• policy-makers, opinion-leaders, researchers, private funders
evaluating development opportunities1
Evaluating Development Opportunities

Organizational capacity

  • Capacity of staff to manage new project now
  • Capacity of staff to mange this type and scale of development
  • CDC’s track record with this type/scale of development?  external credibility? need for partner and/or new team members?
  • Availability of working capital and political capital to obtain funding and approvals to move forward?
evaluating development opportunities2
Evaluating Development Opportunities

Organizational Benefits and Risks (non-financial)

  • Are there innovative features that will produce future organizational recognition and/or funding?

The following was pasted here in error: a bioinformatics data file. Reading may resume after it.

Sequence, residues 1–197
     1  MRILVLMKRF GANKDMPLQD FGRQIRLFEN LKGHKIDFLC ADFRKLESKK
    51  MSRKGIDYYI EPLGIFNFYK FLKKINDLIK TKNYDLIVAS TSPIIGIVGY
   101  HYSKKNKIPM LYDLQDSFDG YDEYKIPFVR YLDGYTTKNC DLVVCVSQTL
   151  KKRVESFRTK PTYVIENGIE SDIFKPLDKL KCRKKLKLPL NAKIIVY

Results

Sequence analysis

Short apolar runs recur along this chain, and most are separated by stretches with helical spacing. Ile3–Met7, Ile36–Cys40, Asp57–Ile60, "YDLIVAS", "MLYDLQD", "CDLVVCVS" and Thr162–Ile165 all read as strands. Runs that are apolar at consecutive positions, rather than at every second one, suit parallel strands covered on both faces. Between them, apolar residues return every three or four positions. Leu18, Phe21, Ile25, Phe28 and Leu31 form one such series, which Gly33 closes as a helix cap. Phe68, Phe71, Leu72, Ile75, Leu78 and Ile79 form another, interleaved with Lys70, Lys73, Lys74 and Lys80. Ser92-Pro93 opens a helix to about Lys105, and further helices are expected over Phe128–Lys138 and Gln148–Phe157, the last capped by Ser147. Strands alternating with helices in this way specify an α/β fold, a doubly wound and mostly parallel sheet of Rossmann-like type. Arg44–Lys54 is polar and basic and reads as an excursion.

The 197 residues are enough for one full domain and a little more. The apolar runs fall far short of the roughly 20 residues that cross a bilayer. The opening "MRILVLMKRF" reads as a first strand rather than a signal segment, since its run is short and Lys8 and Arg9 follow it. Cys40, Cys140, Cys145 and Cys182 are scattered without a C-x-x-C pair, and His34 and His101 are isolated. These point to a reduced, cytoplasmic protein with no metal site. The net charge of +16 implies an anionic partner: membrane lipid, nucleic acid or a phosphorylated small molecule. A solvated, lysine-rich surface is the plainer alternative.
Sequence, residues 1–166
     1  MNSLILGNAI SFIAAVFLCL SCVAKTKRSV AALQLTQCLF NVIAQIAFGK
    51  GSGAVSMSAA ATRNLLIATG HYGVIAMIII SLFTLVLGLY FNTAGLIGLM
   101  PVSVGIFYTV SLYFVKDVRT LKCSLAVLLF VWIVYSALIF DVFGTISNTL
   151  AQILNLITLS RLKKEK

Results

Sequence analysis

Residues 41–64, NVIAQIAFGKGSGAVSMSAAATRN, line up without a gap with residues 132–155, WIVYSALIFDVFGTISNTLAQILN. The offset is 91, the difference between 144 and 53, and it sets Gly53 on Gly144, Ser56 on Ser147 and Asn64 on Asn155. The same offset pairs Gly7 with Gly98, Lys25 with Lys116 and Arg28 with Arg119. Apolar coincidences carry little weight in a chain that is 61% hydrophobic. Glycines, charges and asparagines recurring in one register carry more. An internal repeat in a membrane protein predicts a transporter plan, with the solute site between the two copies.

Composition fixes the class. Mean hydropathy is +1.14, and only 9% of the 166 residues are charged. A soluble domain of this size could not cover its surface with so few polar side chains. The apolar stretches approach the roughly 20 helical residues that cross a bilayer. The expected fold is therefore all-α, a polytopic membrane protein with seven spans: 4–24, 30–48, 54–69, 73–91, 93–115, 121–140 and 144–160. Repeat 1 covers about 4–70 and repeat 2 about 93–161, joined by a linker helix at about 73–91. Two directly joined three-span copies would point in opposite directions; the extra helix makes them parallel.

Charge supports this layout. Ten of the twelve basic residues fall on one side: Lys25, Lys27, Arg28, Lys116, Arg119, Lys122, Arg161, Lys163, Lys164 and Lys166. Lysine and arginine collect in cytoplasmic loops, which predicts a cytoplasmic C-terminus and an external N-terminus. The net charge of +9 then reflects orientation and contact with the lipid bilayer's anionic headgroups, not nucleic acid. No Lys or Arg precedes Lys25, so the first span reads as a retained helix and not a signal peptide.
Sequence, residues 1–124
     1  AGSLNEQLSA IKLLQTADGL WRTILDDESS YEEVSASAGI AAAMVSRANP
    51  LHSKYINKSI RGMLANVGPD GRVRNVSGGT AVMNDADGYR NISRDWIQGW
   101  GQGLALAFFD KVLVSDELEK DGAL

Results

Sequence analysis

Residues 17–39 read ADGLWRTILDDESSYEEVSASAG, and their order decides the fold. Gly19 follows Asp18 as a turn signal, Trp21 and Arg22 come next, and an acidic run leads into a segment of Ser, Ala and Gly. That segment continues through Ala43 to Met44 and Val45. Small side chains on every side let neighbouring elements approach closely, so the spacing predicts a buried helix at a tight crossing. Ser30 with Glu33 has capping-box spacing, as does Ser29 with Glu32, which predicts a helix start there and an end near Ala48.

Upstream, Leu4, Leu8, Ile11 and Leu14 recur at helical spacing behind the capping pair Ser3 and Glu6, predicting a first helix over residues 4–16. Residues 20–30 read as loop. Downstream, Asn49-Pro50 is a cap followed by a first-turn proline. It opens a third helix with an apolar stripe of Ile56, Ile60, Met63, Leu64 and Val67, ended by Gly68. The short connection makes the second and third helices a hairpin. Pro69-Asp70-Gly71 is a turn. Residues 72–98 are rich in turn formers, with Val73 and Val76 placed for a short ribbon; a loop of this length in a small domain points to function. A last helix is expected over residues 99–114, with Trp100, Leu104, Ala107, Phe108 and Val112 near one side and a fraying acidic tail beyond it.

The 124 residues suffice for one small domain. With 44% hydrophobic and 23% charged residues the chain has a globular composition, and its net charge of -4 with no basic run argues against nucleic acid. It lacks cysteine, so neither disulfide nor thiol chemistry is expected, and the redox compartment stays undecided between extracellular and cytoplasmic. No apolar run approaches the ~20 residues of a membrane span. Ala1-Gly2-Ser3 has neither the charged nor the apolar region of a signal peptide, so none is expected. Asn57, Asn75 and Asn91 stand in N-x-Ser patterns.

• Local political opposition: How strong? Could it de-rail project or damage CDC in long-run?
  • Opportunity costs: What will CDC be unable to do if it pursues this opportunity? Would CDC potentially compete with itself for project or other funding?
  • Will completed project complement other activities of CDC, strengthen portfolio, contribute to operating efficiencies
evaluating development opportunities3
Evaluating Development Opportunities

Organizational Benefits and Risks (financial)

  • Will the project generate sufficient revenue to cover its costs- in the short-run? In the long-run?
  • How financially risky is it?
  • Will the project generate additional cash to support overhead/operations?
  • Will the project provide access to new sources of capital?
  • Will the project require grant funding that would compete with other existing grant needs?
  • What is the reasonable timeframe from initial concept to construction completion? How long will you need to assign staff & carry the predevelopment work?
evaluating development opportunities4
Evaluating Development Opportunities

Project-specific issues